He was a celebrity in our town — a former football star at Colorado State who went on to play in the N.F.L. for a couple teams, including the Broncos.
I met him when he coached the Junior Olympics track team during the summer in Fort Collins. Some of his N.F.L. friends from other states sent their kids to be coached by him, especially in hurdles and sprints. Consequently, the Fort Collins summer track program was very good. One of my offspring, who had just finished 8th grade, was on the team. So was his youngest son, Jeremy. I don’t want to say the last name in respect for Jeremy’s privacy. Hereinafter, Jeremy’s father shall be known as Dad.
So the next spring, at the state high school championship track meet, Jeremy’s Dad and I were sitting together, watching the various events. Because my daughter was a freshman then, I had not attended the state meet the prior year. Jeremy was a senior at the same high school, doing very well, so I assumed Jeremy did well the year before.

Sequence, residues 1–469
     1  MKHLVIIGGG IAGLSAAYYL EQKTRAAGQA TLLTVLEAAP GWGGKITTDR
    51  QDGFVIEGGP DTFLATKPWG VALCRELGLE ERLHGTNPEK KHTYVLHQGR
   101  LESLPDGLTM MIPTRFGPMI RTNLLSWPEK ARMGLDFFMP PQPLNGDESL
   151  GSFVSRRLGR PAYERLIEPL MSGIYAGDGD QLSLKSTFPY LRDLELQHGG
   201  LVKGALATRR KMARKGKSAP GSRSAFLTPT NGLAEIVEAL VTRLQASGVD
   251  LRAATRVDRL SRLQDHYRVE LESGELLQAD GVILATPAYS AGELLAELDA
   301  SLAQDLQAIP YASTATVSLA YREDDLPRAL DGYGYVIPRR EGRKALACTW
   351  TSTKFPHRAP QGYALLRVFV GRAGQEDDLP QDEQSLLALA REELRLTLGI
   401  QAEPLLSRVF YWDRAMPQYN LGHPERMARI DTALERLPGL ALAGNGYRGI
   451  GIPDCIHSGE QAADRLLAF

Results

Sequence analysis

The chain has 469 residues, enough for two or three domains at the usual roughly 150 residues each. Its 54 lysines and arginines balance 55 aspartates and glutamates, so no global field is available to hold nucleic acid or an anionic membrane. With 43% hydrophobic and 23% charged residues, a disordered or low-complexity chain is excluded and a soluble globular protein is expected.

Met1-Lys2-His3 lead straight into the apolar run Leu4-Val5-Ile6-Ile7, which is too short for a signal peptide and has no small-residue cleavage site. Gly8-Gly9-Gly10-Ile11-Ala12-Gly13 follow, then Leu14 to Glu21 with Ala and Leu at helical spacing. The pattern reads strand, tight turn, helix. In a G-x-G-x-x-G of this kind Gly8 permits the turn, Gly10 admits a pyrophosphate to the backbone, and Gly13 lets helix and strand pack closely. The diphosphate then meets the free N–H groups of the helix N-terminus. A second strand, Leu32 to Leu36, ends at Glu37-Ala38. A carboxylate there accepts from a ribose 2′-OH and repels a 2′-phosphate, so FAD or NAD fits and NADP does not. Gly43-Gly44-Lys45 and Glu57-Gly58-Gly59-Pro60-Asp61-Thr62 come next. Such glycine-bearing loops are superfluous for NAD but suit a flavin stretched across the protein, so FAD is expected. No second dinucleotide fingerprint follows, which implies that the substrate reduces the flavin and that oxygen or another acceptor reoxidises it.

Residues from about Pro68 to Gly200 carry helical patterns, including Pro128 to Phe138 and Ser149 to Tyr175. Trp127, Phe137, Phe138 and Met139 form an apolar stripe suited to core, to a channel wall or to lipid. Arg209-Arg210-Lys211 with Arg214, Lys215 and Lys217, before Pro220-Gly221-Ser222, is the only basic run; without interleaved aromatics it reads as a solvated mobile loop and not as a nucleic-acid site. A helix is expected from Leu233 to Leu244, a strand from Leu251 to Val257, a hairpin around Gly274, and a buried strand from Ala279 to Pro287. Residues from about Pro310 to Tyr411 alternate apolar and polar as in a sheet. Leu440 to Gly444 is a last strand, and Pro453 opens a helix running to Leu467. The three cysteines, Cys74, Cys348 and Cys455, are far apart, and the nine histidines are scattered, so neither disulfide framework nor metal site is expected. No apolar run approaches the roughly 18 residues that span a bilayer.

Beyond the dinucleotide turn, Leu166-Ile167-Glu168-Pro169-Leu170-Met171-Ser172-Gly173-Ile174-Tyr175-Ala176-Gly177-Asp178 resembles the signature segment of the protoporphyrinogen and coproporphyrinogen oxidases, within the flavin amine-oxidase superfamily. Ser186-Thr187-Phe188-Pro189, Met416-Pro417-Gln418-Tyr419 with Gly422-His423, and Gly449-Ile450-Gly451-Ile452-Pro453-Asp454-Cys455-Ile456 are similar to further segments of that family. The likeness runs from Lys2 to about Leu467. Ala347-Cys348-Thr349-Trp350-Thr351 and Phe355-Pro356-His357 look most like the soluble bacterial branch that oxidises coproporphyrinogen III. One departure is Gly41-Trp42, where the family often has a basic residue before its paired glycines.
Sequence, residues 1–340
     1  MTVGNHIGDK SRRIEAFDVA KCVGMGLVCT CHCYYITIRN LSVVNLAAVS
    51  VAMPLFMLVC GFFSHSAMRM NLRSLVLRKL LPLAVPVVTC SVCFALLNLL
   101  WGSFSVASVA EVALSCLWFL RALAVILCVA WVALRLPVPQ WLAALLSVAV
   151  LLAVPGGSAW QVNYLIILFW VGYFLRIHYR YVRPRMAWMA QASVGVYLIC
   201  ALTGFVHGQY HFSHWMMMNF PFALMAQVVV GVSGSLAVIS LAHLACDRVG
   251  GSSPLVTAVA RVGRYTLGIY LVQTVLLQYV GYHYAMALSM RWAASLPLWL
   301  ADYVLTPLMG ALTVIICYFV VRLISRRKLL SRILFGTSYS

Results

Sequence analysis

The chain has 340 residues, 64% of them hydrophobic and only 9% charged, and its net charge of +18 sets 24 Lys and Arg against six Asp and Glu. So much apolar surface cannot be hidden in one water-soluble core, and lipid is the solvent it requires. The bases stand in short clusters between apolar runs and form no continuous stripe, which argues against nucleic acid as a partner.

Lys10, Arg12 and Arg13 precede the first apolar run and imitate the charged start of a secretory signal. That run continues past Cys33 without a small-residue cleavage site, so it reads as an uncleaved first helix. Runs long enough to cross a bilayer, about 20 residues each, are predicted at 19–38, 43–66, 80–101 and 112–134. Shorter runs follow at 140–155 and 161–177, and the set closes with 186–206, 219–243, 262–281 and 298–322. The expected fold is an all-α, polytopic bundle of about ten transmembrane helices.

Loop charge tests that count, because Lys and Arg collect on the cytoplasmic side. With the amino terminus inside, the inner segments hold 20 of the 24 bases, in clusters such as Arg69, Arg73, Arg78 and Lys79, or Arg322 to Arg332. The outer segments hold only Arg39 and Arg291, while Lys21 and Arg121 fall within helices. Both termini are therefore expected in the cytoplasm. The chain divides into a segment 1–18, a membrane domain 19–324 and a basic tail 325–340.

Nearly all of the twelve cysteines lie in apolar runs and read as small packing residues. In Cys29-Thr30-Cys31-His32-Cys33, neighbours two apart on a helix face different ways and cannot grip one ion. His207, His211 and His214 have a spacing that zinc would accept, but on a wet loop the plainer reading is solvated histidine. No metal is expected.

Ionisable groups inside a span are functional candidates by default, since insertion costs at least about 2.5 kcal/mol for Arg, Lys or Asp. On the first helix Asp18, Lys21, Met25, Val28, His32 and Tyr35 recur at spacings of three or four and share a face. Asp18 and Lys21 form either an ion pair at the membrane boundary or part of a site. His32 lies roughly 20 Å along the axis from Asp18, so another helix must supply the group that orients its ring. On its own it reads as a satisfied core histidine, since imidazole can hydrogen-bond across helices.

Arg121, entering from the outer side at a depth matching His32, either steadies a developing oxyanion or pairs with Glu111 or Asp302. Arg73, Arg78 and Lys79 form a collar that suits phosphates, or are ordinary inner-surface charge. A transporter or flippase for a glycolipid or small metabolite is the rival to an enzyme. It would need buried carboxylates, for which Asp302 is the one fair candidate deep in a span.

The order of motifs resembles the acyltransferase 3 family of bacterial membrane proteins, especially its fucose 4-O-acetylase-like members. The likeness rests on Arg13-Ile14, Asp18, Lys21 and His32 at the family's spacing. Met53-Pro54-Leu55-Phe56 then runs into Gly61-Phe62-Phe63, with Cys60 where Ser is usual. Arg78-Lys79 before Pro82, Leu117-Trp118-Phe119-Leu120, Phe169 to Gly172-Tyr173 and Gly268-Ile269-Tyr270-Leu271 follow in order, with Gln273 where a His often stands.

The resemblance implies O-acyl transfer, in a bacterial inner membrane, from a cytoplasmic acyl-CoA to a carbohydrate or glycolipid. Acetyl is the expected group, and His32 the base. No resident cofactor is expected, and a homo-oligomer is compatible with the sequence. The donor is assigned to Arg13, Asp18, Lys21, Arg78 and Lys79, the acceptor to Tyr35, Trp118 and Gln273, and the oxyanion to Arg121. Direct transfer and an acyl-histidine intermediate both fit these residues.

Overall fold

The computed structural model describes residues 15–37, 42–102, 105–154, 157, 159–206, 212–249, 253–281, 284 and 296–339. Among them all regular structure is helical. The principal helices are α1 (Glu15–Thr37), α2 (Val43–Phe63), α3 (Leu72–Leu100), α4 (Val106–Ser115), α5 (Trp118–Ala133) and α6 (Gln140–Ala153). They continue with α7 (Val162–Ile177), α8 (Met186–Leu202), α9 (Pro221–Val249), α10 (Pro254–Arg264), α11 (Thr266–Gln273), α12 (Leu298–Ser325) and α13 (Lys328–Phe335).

I asked his Dad, “How did Jeremy do last year?” It was not a surprising question, but the answer was.
“Jeremy did not run last year. He did not turn in a school project in photography, so he did not compete in the state track meet.”
“What? Jeremy was academically ineligible just for one elective project? It doesn’t seem like that would affect his overall grade point that much,” I commented.
Dad explained, “No, it was not the teacher who prevented Jeremy from competing at state. It was me. Jeremy needs to learn to be responsible.”
As I recall, Jeremy won three individual events his senior year, as well as running on a relay team that also won. He was thus a champion in four events. At least a couple of the events were state records. One of the records tied a national high school record. The person who held the record that Jeremy tied had gone on to be a champion sprinter in the Olympics. Fast company!
Jeremy was as fast as any high school runner in the nation. I bet he would have done very well in the previous year’s state track meet, had he competed. He probably would have won those same events. If only his Dad had not interfered.
Jeremy won something else his senior year — a scholarship to C.S.U. in both football and track. His Dad certainly had something to do with that, and I do not mean pulling a few strings.
Besides contributing some very athletic genes, and coaching him, Jeremy’s Dad taught him some valuable life lessons. He taught him about being a champion.